By definition, an invasive species is “a species that is non-native to the ecosystem under consideration and whose introduction causes or is likely to cause economic or environmental harm or harm to human health.” (U.S. Department of the Interior, Federal Invasive Species Advisory Committee) Invasives lack the natural controls that exist in their own native habitat. As a result, they’re usually fast-growing and rapid reproducers. These bad guys alter the forest in a variety of ways including sucking up A LOT of water.

Because of their heavy water consumption and their prevalence, many are concerned that might actually dry out our forests. Is the problem really that bad? According to the 2005 Millennium Ecosystem Assessment Report, “invasive species are altering large portions of the earth’s terrestrial surface and are considered one of the ‘most important drivers of change in ecosystems.'” Although billions of dollars are being spent to battle invasives in the U.S., the report also predicted rapidly increasing negative effects in the future such as loss of soil health as these water thieves drain up to 250% more moisture than our native vegetation.

Before and after photos showing the invasive vine removal efforts of volunteers.

That battle against invasives is fought locally as The Woodlands Township crews and contractors spend about 200 days a year on vine and invasives removal and control. And for the past three years, volunteer invasives removal task force has joined the fray, with much success. During 2020 alone, nearly 100 volunteers spent 1020 hours removing three dump-truck loads of invasive vines, shrubs, and trees from along our pathways. Their participation freed up the Township’s contractors to work on larger areas of infestation.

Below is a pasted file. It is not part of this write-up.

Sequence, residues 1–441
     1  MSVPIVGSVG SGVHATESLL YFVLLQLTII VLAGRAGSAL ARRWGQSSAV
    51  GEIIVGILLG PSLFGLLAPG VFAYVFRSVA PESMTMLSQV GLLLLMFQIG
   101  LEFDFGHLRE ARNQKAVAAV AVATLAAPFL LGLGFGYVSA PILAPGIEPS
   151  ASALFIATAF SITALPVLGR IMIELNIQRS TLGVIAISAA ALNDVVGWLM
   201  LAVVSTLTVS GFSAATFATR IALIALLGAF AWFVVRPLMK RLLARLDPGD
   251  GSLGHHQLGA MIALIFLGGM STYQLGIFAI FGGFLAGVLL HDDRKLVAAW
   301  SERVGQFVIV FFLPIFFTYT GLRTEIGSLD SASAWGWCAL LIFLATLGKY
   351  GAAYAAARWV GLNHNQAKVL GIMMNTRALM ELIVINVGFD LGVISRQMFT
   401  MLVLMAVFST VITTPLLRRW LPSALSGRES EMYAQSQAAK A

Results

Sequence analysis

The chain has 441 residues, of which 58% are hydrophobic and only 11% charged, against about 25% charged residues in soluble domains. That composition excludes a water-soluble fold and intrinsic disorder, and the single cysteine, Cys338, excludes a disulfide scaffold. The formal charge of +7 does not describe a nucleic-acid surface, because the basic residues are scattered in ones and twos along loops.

Some of the worst crimes of bad guy invasives?

  • Disrupting ecosystem interactions and functions

  • Displacing native species and destroying habitat

  • Using 50% to more than 250% more water than natives

Let’s turn the tables and gang up on these water thieves invading our forest! To start, each of us can examine our own landscapes and kick out the bad guys, replacing them with natives that better serve us. Then help restore the health of forest soils by volunteering to remove invasives from our pathways and green spaces. If you’re ready to join the Task Force, sign up HERE.

For more information, contact Environmental Services at enviro@thewoodlandstownship-tx.gov or call 281-210-2058.


Learn more about invasives from these past articles: